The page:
Enrolling Your Child In Beginner Drum Lessons
Posted by admin On January 19, 2010 9:49 AM
You all know those people who have their children involved in so many extracurricular activities that the poor
kid probably recites his Spanish homework while playing soccer and taps on the bench with his fingers to
practice his piano lesson as he waits for his turn on the field. Just the thought of it is exhausting.
To be sure, there is enormous value in the extracurricular activities that schools offer and a lot of benefit to private lessons. However,
parents should be careful not to overwhelm a child with more activities than he or she can handle, for fear of exhaustion or distracting
him or her from school work.
Typically, one to two extracurricular lessons or activities per child is more than any family can schedule and manage. Before you
invest all that time and money into giving your child ice skating lessons, oboe lessons, beginner drum lessons or whatever else pops
up, you should ask yourself if he or she has a bent towards that field and sincerely wants to follow it through.
Now, there is nothing wrong with offering a few fun activities to a child just to let him or her explore some new subjects. The learning
experience and variety will show your child things he or she may not have been exposed to otherwise and broaden the child?s scope
of the world. The experience of trying new things is in and of itself a lesson to be learned.
So how do you decide between the beginner drum lesson and the cello lessons? Well, this will rely heavily on knowing your child well.
If he or she is very musically inclined, then perhaps you do not have to choose, but offer both courses and let him or her get a little
taste of both before narrowing it down to one.
However, if your family is extremely busy, then practically, the dates and times the course is offered may have a lot to do with what
you are able to work into your schedule. If the beginner drum lessons land on the night when you already have an obligation, then the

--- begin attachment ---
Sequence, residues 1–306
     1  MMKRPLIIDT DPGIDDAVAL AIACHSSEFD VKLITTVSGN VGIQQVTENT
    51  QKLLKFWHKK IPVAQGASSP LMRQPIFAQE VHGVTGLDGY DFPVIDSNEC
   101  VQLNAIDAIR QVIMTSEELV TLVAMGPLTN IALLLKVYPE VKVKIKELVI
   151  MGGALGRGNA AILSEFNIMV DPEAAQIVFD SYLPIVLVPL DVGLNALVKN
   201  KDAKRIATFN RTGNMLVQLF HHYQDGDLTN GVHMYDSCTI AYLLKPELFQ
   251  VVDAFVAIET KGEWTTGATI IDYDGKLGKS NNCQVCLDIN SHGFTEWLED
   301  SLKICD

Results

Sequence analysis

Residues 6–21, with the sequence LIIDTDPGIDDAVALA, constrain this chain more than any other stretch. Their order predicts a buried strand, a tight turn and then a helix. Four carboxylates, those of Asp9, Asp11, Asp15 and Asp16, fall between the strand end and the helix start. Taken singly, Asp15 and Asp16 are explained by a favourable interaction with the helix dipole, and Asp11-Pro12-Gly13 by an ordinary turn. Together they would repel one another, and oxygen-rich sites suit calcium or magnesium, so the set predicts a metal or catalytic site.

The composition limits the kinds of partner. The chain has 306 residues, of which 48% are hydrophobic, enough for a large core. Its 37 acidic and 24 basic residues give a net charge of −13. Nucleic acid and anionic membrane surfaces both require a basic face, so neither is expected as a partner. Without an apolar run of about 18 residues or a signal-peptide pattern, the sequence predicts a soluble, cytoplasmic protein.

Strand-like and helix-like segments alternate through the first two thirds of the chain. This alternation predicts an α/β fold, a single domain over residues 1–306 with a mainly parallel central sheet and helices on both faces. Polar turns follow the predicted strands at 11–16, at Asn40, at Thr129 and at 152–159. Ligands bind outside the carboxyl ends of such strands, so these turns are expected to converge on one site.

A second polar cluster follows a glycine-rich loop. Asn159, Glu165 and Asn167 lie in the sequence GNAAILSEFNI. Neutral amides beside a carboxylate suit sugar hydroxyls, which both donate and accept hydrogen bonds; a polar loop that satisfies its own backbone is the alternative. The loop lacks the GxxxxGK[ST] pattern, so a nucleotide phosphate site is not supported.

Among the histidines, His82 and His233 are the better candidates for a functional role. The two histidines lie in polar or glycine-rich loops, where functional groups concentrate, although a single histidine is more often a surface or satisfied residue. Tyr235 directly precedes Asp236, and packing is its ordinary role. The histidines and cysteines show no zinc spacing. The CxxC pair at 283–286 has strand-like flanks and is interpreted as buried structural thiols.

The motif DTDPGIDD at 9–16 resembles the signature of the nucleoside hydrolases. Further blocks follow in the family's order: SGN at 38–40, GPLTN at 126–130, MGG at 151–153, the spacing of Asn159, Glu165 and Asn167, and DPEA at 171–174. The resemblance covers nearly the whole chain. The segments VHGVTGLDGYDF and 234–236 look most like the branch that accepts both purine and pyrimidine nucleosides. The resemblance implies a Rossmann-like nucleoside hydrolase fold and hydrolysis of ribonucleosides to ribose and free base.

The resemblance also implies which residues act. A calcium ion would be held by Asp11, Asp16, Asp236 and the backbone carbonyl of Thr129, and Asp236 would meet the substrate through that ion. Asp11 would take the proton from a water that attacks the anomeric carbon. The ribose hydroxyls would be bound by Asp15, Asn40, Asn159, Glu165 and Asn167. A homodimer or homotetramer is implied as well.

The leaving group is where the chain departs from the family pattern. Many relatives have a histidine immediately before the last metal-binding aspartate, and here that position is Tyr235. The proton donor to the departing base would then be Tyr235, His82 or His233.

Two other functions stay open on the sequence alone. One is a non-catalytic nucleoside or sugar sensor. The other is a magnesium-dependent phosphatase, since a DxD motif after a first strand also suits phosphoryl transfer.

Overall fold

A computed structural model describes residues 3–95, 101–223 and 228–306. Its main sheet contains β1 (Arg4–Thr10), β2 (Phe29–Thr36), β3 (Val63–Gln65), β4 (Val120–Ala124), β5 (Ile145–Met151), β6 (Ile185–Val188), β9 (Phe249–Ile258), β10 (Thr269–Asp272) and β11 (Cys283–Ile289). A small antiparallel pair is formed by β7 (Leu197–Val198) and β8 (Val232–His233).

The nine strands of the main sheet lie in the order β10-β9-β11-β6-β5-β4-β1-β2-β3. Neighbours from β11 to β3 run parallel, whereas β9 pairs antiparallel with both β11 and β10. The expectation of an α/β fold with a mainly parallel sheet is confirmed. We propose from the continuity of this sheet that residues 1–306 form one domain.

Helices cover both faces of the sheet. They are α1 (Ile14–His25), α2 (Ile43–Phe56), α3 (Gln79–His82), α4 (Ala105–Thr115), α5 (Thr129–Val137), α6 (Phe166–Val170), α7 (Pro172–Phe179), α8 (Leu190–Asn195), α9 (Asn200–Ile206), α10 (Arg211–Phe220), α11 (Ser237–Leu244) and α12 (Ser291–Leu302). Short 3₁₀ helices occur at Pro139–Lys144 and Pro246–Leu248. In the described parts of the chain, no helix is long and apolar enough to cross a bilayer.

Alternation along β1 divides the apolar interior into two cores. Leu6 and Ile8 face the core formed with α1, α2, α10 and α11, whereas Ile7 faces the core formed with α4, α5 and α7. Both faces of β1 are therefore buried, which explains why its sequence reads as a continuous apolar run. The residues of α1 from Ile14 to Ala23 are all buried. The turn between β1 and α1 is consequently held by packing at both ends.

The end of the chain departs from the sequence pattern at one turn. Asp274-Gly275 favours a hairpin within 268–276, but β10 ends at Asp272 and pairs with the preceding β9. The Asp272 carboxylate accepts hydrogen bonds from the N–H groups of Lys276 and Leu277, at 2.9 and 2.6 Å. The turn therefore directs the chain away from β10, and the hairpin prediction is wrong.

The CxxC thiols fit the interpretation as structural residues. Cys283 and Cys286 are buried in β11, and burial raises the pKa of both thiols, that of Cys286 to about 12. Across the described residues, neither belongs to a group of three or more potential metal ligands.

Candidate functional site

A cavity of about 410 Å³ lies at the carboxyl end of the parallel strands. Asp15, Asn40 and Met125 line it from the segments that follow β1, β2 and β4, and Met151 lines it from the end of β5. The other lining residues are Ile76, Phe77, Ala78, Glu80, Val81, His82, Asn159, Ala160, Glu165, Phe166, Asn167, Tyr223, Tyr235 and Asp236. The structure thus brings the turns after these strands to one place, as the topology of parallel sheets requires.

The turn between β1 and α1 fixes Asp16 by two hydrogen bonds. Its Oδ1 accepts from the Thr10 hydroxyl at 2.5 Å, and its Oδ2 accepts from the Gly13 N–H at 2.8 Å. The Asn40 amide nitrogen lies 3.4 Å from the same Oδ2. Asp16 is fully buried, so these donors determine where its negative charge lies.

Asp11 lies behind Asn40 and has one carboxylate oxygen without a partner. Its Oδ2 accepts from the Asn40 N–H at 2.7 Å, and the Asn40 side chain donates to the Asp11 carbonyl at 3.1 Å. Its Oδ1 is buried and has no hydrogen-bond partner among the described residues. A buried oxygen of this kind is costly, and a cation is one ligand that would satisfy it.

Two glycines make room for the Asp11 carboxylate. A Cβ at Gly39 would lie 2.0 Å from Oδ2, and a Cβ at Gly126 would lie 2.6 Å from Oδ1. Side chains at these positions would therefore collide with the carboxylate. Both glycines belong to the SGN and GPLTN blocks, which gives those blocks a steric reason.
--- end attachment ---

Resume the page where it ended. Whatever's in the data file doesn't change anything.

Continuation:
choice is simple.
We all know that things aren?t that cut and dry. Inevitably, your child will want nothing more than to have those beginner drum
lessons that fall on the night of your prior obligation. When it comes to music lessons, there is typically another tutor or course in your
If you are at a loss to find a music teacher in your area, stop by a local music store. Ask the clerk or manager for a referral of
someone offering lessons in the instrument you wish to master. Local music stores are filled with employees and patrons who also
love to teach music to others.
If the local music store is of no help to you, then talk to the music director at school, or even a music director at a local church. These
are people who are well connected to the music events and other music professionals in your area. These people will be able to give
you advice and direct you where you can find the best teachers for your child?s music education.
Once you have found a music teacher to offer your child beginner drum lessons setting a routine meeting schedule will help you keep
your family in order. Of course, after those drum lessons begin and you hear drumming at all hours of the night, you may wish he or
she had chosen the cello after all.
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